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Suddenly, the government has changed its position on the banned Muslim Brotherhood (MB). The MB’s new legal status is not entirely clear, but the group is allowed to speak and campaign with little fear of harassment or imprisonment. Senior government officials speak about the MB in a new tone. The MB is said to have interceded in Alexandria to calm things down after the recent
Thursday, July 5,2007 15:06
by Salama A Salama

Suddenly, the government has changed its position on the banned Muslim Brotherhood (MB). The MB"s new legal status is not entirely clear, but the group is allowed to speak and campaign with little fear of harassment or imprisonment. Senior government officials speak about the MB in a new tone. The MB is said to have interceded in Alexandria to calm things down after the recent church incidents. Furthermore, MB members and the progressive wing of the National Democratic Party seem to be on good terms.

The MB had faced security restrictions that impeded its activities over half a century or more. MB leaders arrested for no good reason have been freed. The streets are full of signs and leaflets carrying MB electoral slogans. NDP leaders, Kamal El-Shazli included, admit that the MB has a substantial following and may win a considerable number of parliamentary seats.

What exactly has changed? How can the average citizen in this country grasp this sudden shift of official policy? Has the NDP changed its mind once and for all? Has it admitted that it has been wrong all along?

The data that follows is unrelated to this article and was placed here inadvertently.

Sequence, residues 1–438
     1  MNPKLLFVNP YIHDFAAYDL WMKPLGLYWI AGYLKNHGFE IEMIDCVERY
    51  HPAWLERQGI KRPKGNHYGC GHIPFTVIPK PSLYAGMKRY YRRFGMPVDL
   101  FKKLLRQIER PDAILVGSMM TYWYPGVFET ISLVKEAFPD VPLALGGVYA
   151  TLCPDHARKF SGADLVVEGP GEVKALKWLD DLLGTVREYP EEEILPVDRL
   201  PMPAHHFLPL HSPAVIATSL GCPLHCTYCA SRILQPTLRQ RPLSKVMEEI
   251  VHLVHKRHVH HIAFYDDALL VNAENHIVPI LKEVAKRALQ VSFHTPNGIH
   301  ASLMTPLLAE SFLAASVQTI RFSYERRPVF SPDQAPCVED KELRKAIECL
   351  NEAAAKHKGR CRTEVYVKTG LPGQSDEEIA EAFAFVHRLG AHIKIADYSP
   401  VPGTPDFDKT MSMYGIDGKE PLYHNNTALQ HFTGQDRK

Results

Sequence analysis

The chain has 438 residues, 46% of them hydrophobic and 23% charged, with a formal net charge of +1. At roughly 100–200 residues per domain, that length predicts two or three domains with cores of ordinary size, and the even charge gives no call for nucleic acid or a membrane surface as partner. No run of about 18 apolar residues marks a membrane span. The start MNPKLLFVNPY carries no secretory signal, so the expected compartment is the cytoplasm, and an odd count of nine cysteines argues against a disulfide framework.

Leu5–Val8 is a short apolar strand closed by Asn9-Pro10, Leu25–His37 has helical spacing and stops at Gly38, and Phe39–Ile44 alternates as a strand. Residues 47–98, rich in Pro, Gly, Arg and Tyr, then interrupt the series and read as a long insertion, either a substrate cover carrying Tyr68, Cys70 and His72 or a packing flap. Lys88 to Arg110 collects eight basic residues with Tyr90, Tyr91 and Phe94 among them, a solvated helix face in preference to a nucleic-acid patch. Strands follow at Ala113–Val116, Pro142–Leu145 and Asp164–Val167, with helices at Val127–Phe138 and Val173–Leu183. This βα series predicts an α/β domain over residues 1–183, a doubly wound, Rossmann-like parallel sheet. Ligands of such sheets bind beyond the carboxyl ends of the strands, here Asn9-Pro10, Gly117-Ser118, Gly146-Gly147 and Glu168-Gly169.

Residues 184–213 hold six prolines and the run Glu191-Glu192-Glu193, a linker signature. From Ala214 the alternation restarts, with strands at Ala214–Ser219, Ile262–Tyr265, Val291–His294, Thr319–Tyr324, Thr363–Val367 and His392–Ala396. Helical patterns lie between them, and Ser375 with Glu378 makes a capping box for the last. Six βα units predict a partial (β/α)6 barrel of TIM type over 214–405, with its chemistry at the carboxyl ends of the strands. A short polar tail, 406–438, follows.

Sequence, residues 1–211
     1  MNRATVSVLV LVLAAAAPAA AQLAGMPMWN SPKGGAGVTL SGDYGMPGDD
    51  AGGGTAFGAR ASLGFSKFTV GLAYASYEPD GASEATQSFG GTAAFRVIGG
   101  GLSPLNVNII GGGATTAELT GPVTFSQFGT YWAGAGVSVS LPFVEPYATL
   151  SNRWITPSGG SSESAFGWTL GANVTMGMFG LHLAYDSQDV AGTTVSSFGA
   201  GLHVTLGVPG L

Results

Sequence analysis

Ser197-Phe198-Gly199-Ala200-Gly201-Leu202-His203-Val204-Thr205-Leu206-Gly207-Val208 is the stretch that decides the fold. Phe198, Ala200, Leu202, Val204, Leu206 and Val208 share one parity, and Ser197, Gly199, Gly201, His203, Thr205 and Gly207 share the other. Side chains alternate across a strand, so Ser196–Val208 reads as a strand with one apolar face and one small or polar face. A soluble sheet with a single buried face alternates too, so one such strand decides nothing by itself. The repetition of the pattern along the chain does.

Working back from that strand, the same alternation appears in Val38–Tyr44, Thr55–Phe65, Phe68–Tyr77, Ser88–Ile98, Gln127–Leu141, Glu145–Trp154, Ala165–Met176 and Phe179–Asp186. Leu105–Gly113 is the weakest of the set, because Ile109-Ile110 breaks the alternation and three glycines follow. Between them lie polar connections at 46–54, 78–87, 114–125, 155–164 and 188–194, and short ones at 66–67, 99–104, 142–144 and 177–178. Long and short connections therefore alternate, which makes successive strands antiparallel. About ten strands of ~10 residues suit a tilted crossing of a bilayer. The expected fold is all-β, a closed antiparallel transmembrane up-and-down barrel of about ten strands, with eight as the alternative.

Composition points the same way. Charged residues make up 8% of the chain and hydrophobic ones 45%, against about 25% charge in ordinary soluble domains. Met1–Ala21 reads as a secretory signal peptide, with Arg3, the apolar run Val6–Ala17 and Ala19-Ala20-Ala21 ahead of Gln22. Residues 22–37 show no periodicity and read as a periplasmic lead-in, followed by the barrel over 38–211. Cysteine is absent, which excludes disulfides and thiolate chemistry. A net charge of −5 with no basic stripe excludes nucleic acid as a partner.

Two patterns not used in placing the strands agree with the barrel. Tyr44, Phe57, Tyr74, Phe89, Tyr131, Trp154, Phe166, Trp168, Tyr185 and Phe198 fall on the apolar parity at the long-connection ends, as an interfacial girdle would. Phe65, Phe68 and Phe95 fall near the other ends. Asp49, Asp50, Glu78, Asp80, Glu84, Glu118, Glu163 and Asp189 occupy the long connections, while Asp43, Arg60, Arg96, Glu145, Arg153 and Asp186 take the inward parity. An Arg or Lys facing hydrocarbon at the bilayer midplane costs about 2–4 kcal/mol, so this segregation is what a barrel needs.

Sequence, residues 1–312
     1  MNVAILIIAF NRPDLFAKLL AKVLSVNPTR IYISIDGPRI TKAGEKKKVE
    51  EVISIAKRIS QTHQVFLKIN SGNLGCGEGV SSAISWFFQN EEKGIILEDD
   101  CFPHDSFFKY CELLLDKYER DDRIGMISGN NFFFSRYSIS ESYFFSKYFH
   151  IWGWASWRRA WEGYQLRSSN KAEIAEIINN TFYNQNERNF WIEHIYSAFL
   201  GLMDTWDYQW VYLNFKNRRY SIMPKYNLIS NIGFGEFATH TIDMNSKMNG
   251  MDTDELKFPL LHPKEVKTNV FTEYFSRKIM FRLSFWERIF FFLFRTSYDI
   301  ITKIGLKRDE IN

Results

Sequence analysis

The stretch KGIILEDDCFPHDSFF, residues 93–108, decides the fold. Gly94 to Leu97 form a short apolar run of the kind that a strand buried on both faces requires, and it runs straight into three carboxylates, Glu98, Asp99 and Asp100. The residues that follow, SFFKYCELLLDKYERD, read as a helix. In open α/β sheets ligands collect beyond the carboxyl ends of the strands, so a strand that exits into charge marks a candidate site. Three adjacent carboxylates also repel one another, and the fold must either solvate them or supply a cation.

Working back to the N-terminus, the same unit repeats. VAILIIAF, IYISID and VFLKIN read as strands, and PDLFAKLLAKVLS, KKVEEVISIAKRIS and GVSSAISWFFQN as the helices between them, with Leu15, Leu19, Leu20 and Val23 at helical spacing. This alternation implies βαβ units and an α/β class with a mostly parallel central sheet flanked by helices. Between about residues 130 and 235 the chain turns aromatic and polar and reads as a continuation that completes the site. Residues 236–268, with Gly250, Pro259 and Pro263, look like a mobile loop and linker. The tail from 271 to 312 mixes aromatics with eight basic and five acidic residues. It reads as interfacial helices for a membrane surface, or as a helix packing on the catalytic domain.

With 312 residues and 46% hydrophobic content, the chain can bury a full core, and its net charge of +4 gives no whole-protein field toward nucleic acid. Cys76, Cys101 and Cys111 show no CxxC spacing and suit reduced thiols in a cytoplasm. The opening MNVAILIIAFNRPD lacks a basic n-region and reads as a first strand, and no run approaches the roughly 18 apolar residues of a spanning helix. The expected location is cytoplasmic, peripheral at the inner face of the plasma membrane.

It is obvious that the NDP is changing the manner in which it deals with the opposition. It is dealing with parties, old and new, as well as the MB, Kefaya and other new movements in a different spirit. A change has taken place. The NDP is becoming more willing to accept the shift in public mood. Should this trend continue, one would expect the monopoly of power to end, which would open the door to more democracy and political vitality.

Banning the MB was never a solution. As an idea, it is a relic of a less democratic past and it never stopped the MB from engaging in politics. For years, MB members have contested parliamentary elections, either as independent candidates or as allies of another party. The MB had 17 deputies in the previous parliament. And yet the government has adamantly kept the MB illegal and unrecognised. Refusing to follow in the footsteps of Turkey and Morocco, the government declined to allow a civil party with an Islamic agenda to exist. Its argument that an Islamic party would open the way for a Coptic party was barely convincing.

It was unwise to ban the Islamic current from mainstream politics. The government couldn"t go on hunting down Islamist politicians and forcing them to act behind closed doors. We need to integrate them in political life and have them act within the law and the constitution. We need to see an Islamic civil party active in this country. We need an Islamic party that does not discriminate among its members on the basis of religion and that does not seek to create a religious state.

Thanks to the openness that began with the amendment of Article 76 of the constitution, freedom finally seems to be in the air. The fact that the MB is running openly in a critical race -- a race that will reshape political life in the country -- is quite telling.

The problem with the MB is not in the motto it is using, although some argue that the "Islam is the solution" slogan is designed to trick the gullible. The problem is much deeper than that. We need to learn how to integrate the Islamic current in political life without jeopardising democracy. And the MB needs to help us doing so, by accepting the fact that it is not above the law. The MB needs to revise its political discourse and make it more compatible with democracy.


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